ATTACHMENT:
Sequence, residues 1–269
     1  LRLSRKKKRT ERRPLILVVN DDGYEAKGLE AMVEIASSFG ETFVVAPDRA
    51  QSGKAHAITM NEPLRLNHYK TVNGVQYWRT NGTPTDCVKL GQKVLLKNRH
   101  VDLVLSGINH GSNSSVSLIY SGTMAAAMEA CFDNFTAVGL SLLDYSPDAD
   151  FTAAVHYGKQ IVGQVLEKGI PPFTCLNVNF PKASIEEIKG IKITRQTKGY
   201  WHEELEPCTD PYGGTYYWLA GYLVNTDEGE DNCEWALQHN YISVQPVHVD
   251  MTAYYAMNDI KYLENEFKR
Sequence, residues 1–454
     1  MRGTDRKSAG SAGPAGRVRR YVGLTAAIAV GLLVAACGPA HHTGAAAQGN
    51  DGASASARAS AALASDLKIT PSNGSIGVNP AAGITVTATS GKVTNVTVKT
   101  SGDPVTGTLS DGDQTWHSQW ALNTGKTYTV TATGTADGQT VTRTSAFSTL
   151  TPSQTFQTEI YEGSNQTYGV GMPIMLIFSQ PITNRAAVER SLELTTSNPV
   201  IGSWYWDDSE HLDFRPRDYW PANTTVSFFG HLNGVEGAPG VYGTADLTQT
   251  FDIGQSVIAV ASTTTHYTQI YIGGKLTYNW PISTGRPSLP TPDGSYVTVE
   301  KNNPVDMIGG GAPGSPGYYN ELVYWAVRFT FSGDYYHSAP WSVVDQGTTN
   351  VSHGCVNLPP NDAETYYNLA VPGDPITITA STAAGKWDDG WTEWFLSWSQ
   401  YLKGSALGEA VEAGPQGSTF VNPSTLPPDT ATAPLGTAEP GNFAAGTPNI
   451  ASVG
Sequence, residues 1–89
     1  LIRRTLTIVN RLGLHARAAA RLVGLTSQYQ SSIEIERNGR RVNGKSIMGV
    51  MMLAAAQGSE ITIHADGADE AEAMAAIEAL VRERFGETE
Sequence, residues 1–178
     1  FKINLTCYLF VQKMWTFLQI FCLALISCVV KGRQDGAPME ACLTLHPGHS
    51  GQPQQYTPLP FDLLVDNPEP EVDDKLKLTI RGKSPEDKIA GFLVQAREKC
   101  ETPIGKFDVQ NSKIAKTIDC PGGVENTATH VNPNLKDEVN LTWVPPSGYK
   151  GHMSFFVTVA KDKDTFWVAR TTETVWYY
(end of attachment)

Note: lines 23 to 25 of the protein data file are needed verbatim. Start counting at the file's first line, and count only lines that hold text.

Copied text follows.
     1  FKINLTCYLF VQKMWTFLQI FCLALISCVV KGRQDGAPME ACLTLHPGHS
    51  GQPQQYTPLP FDLLVDNPEP EVDDKLKLTI RGKSPEDKIA GFLVQAREKC
   101  ETPIGKFDVQ NSKIAKTIDC PGGVENTATH VNPNLKDEVN LTWVPPSGYK